The Best Products With Abyssinian Oil

For the most part, however, Abyssinian oil is a safe, natural remedy for lackluster hair and damaged, split ends—even if its name doesn't evoke as much recognition as its coconut-based cousin. If you are using pure Abyssinian oil, make sure you are getting it from a reputable source. "I like Natural Abyssinian Oil by Conscious Skin Care as you can use it on your hair and skin," says Blake. Africa Imports Abyssinian Oil is another great option for pure oil that can be used in a variety of ways.

African Imports Abyssinian Oil
Africa Imports Abyssinian Oil $6
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Or, introduce the ingredient directly into your shower routine with an Abyssinian-based conditioner you can count on to smooth your strands and prevent frizz before it begins.

Grown Alchemist
Grown Alchemist Anti-Frizz Conditioner $49
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This Abyssian Deep Hydration Shampoo not only contains Abyssinian oil, but also scalp-soothing chamomile oil that helps reduce split ends and hydrates your strands.

Abyssian Shampoo
Abyssian Super Repair Deep Hydration Shampoo $40
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The IT 12-in-One Serum is infused with Abyssinian Oil and is the perfect styling treatment to help seal the cuticles to prevent breakage, lock in moisture and add shine. This lightweight formula can be used on wet or dry hair.

IT Serum
IT 12-in-One Serum $10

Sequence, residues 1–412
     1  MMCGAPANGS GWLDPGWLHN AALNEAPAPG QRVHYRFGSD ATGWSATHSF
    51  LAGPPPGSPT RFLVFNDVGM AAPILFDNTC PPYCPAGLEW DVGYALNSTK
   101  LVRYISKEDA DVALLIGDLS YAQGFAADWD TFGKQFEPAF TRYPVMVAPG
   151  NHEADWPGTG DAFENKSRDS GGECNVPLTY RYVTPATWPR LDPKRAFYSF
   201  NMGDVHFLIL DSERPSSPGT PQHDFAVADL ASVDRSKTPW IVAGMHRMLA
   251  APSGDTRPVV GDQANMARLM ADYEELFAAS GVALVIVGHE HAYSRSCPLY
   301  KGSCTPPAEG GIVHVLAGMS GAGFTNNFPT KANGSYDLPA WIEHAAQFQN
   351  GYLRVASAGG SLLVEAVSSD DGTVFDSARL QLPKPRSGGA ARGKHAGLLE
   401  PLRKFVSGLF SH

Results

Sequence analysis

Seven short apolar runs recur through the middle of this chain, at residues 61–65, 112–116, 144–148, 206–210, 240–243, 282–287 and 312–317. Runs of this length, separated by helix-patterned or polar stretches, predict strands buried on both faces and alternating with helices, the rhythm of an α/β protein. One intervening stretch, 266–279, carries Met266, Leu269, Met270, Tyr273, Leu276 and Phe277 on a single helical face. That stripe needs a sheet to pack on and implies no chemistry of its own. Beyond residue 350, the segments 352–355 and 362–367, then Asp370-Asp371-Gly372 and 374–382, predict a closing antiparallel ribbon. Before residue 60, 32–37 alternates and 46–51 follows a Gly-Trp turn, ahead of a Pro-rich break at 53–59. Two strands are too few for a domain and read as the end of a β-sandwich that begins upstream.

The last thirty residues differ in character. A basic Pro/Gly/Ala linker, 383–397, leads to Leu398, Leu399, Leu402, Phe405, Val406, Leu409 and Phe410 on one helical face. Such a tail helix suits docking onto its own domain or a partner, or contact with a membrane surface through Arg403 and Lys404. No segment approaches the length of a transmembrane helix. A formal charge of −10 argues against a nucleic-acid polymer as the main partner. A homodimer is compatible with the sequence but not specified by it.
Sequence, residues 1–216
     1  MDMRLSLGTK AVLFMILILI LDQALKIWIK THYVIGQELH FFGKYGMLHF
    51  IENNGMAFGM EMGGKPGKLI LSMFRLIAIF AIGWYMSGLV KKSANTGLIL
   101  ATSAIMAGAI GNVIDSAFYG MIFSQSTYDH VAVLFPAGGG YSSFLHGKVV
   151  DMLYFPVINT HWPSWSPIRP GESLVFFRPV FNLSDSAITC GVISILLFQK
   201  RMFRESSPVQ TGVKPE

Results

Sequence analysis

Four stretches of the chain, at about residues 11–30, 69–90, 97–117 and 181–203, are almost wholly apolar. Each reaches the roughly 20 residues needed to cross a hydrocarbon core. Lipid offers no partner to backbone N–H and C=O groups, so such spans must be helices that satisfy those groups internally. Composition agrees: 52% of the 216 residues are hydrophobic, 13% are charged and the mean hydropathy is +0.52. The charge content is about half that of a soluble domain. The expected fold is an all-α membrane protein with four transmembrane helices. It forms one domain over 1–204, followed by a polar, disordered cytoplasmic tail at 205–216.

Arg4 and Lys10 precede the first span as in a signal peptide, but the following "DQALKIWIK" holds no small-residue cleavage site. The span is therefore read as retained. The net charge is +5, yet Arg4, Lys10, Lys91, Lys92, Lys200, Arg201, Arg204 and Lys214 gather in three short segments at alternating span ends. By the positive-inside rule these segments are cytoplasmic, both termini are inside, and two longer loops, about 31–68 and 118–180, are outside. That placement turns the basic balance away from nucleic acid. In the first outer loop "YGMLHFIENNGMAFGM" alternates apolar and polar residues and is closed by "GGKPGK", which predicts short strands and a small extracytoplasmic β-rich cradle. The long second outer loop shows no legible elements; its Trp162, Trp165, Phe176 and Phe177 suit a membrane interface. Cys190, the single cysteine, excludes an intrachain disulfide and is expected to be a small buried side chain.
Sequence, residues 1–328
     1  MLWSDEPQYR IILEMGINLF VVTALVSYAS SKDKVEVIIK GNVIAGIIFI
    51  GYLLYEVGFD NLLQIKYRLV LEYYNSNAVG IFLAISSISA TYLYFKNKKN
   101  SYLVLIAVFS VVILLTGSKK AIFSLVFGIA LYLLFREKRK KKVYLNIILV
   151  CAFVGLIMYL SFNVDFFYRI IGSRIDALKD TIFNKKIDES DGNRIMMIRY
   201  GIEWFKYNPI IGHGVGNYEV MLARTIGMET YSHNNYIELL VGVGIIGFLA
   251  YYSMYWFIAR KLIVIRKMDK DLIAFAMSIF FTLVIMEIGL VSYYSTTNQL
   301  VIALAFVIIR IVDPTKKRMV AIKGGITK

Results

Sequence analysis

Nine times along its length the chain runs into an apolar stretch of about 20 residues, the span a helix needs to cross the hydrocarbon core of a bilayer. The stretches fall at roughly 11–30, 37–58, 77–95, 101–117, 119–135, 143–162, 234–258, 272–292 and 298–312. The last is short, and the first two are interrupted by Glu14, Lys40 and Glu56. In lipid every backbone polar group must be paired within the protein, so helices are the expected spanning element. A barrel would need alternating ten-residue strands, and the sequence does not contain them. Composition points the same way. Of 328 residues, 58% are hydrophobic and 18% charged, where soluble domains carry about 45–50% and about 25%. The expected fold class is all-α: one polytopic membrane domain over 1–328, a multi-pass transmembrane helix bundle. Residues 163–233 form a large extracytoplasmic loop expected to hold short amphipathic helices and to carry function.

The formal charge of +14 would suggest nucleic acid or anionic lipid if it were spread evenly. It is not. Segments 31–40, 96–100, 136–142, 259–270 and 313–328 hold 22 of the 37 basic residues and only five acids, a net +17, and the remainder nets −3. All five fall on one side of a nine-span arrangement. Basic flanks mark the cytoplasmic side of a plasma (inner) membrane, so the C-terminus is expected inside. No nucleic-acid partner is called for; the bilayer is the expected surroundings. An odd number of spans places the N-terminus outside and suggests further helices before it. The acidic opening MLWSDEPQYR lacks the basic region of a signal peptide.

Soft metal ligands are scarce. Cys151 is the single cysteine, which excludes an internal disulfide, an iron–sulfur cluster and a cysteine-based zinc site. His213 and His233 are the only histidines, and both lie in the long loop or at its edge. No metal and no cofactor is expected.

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Cocabi Natural Leave-In conditioner contains both Abyssinian oil and coconut oil for soft and healthy looking hair. Simply spray in while wet and style as normal to get all the moisturizing benefits. 

Cocabi Leave in conditioner
Cocabi Natural Leave-In Conditioner $14
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FAQ
  • Can Abyssinian oil treat dandruff?

    Possibly, however, more studies are needed. Abyssinian oil contains linoleic acid which has been shown to be an antifungal, however no studies have been done specifically on Abyssinian oil. It does moisturize the scalp which can prevent flakes.

  • Does Abyssinian oil help with split ends?

    Yes, the Omega fatty acids, antioxidants and vitamins all help to moisturize your hair to prevent your hair from breaking. 


  • Is Abyssinian oil good for low porosity hair?

    Yes, Abyssinian oil can be used for for smoothing and adding shine to low porosity hair that doesn’t allow moisture to easily be absorbed. Mix Abyssinian oil with argan oil and use it as a styling serum or conditioning treatment.


Article Sources
Byrdie takes every opportunity to use high-quality sources, including peer-reviewed studies, to support the facts within our articles. Read our editorial guidelines to learn more about how we keep our content accurate, reliable and trustworthy.
  1. Crambe abyssinica seed oil for skin - top benefits | skincare lab.

  2. Kang JI, Yoon HS, Kim SM, et al. Mackerel-derived fermented fish oil promotes hair growth by anagen-stimulating pathways. Int J Mol Sci. 2018;19(9):2770.

  3. Walters D, Raynor L, Mitchell A, Walker R, Walker K. Antifungal activities of four fatty acids against plant pathogenic fungi. Mycopathologia. 2004;157(1):87-90.

  4. Evans TA, Park K. A statistical analysis of hair breakage. II. Repeated grooming experiments. J Cosmet Sci. 2010;61(6):439-455.